Kurlantzick didn’t complete the research and transcript for his book until October, before the election of Donald Trump as president, but in an article for the Washington Post’s Outlook section Jan. 22, he analyzed the new administration’s likely policy toward the CIA:

“The incoming President seems eager to cut some of the agency’s spies and analysts. Instead, power would flow to operatives in the field – those who help arm allied foreign military forces and manage drone strikes … the Trump administration is poised to accelerate a transformation that has been happening since the 1960’s, with the CIA becoming less focused on spying and more on paramilitary organizations with a central role in violent conflicts.”

The first secret counter-terrorism operation under Trump’s orders took place on Jan. 29 in Yemen against an “Al Qaeda affiliate” and appeared to have been a botched mission though the Trump administration hailed it as a success. It was reported to have been carried out by U.S. Special Operation Forces, with no mention of CIA participation.

A senior Navy Seal was killed during the raid and Yemeni officials reported 30 civilians also killed, mostly women and children. The New York Times said the civilian casualties triggered widespread anger across Yemen toward the U.S., adding to the tensions over President Trump’s entry ban on Yemeni citizens.

Kurlantzick’s A Great Place to Have a War could help Americans remember the chaos and destruction visited upon one of the world’s most primitive societies. Whether the book will influence the future history of America’s way of war remains to be seen.

Don North is a veteran war correspondent who covered the Vietnam War and many other conflicts around the world. He is the author of Inappropriate Conduct,  the story of a World War II correspondent whose career was crushed by the intrigue he uncovered.

33 comments for “A Deadly Legacy: CIA’s Covert Laos War

  1. Rufus
    February 19, 2017 at 21:45

    I have to say to make sure to check the numerous negative reviews of this book by what look to be some pretty credible sources.

  2. barf
    February 12, 2017 at 12:48

    The CIA is like a multi-headed hydra creature that is way more powerful than the American president. Obama was seduced by the CIA to wage illegal wars and all sorts of war crime acts across the world, from Libya to Yemen, Syria, Afghanistan and Tianjin in China.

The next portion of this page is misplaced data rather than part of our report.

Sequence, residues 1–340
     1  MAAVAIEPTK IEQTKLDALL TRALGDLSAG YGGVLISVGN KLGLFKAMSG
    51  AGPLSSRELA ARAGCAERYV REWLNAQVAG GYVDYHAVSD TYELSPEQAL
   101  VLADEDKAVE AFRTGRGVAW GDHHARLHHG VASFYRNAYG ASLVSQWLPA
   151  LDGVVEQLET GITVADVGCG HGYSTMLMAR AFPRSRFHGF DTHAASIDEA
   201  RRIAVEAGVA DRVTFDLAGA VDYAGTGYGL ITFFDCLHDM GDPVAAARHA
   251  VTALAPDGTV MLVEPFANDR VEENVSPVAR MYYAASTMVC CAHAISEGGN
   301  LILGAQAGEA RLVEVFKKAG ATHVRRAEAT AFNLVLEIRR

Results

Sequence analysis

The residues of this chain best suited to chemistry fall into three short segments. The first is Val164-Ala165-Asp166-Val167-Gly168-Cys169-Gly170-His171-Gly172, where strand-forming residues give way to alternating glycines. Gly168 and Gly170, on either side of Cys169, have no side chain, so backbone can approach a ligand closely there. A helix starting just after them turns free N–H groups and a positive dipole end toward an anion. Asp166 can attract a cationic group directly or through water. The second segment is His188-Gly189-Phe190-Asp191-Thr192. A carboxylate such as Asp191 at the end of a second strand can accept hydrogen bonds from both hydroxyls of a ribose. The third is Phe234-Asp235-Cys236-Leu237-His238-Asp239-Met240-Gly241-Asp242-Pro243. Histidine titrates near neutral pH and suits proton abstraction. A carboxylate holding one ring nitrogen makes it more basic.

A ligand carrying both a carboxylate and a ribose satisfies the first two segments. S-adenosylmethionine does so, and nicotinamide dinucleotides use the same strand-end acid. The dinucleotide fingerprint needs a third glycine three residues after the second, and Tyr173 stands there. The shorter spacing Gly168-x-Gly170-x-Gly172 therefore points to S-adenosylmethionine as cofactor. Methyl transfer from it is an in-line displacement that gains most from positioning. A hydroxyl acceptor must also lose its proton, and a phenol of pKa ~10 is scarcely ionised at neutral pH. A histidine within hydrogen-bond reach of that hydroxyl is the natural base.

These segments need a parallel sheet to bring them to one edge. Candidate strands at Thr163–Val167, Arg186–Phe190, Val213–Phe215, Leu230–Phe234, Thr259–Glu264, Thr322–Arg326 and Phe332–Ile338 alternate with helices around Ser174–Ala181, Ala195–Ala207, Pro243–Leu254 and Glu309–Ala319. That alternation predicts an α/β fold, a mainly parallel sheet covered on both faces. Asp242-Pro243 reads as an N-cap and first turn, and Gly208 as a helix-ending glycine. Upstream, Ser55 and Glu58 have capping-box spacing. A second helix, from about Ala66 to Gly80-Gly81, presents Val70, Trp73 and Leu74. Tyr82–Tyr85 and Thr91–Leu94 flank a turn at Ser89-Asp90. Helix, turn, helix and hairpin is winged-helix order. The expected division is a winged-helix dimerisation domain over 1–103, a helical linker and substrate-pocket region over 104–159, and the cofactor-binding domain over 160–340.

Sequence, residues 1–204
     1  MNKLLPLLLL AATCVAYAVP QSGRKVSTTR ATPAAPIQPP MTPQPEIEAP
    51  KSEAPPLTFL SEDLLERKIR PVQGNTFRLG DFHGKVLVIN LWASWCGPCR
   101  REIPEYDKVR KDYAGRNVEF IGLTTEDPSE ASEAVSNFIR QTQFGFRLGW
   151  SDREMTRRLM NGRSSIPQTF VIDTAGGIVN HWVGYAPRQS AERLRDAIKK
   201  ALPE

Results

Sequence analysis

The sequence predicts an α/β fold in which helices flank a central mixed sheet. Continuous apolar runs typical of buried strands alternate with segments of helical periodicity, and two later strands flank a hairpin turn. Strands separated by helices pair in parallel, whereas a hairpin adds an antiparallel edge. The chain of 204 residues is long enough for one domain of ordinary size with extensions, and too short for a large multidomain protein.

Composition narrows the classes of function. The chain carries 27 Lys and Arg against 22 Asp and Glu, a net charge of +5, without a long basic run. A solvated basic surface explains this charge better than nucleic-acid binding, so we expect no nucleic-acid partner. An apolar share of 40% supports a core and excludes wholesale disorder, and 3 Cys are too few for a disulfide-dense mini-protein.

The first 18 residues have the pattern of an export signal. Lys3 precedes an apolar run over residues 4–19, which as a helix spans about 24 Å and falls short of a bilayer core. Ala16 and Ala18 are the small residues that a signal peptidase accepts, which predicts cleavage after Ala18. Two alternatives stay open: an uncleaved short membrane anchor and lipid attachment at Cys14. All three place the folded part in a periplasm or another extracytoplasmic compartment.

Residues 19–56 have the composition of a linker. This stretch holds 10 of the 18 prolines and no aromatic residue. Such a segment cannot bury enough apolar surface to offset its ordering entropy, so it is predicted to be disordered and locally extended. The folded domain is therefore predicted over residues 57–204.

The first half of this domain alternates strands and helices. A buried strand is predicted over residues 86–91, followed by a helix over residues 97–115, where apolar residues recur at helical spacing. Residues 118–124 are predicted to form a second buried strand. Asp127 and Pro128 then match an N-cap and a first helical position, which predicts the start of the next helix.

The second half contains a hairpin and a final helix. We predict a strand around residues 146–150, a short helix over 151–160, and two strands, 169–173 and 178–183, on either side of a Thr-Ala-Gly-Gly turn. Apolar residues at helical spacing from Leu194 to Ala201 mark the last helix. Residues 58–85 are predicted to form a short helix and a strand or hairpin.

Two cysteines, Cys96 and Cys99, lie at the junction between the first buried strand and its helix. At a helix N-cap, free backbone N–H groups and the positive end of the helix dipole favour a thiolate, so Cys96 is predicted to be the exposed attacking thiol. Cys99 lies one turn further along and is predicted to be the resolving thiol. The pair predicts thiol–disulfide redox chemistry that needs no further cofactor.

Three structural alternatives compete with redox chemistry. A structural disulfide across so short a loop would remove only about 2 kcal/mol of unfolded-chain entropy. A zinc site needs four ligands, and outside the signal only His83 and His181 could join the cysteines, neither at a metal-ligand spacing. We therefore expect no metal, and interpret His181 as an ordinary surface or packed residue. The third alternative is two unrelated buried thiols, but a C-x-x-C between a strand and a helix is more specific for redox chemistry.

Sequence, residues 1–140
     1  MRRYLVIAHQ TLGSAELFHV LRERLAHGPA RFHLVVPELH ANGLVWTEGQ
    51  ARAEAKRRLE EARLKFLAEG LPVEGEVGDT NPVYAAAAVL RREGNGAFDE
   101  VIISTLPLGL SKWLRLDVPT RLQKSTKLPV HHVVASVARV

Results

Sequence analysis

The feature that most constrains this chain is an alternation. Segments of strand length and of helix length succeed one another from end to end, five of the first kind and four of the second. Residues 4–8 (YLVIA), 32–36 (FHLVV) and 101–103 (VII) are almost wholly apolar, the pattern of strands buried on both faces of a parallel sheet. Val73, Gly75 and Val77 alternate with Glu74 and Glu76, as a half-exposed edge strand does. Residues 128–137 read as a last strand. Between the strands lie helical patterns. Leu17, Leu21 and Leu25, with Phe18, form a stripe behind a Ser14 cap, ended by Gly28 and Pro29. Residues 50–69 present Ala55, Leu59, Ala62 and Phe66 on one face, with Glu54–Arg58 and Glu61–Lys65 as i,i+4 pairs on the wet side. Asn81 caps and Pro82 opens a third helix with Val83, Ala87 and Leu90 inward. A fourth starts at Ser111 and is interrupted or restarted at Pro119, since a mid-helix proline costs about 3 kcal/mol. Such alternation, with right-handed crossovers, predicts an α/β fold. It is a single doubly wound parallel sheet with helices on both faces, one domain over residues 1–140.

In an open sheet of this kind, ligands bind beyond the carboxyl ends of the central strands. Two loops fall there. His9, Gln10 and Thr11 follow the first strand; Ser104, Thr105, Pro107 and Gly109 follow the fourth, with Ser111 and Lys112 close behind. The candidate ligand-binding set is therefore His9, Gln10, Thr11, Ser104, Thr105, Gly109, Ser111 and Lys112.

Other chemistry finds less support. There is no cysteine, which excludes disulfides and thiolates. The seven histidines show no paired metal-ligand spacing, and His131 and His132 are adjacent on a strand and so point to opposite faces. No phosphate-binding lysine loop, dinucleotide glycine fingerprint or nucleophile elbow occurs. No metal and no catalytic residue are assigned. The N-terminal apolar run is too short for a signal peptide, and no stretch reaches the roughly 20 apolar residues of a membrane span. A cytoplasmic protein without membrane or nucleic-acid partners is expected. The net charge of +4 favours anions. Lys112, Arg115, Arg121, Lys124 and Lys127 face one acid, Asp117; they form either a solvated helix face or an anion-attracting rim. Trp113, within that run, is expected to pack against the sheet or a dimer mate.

3. Josh Stern
    February 8, 2017 at 23:53

    The U.S destruction of Laos still needs more attention – http://legaciesofwar.org/resources/books-documents/legacies-of-war-cluster-bombs-in-laos/ The magnitude of the bombing is almost unfathomable, and hundreds of people still die in Laos each year from encountering unexploded ordinance from our criminal war – https://www.ft.com/content/dc65d1ae-74ef-11e6-b60a-de4532d5ea35
    The importance of the drug trade in Laos to the CIA is another part of the story – https://en.wikipedia.org/wiki/CIA_activities_in_Laos In terms of rebutting the Domino theory – it seems more sensible to focus on Vietnam – where the U.S. lost, it went “Communist” and that was a big “So what?” for the rest of World History, vs. say Indonesia where the CIA succeeded in it’s bloody coup/intervention helped support genocide or the Philippines where there is a long, long history of U.S. military influence.

  4. Dennis Rice
    February 8, 2017 at 19:01

    Tragically our own congress is ignorant of our own dark history including the past 50 years. Is it any wonder then that our foreign policies are so screwed up? Just who runs this country anyway?

    • backwardsevolution
      February 8, 2017 at 20:44

      Dennis – I am not so sure that Congress is ignorant at all. I think they know exactly what is going on, but they are bought.

      • RMDC
        February 11, 2017 at 10:34

        backwards — I think they are both ignorant and bought. Did you see Maxine Watters a few days ago going on about Russia taking over Korea. Of course, she meant Crimea, but what she said was ignorant for both Korea and Crimea. And she’s among the smarter members of congress!!!!!!!!!!!!!!!!!!!

  5. Bob Van Noy
    February 8, 2017 at 18:37

    evelync, I don’t think you have to look much further than the Dulles brothers.

    • Gregory Herr
      February 8, 2017 at 19:12

      Sorry Bob, I posted my answer before I got down to yours. So we agree!

      • Bob Van Noy
        February 8, 2017 at 20:41


  6. James van Oosterom
    February 8, 2017 at 18:22

    Like George Romney after him, not the brightest bean in the bin. Sorry to disabuse you

  7. evelync
    February 8, 2017 at 17:40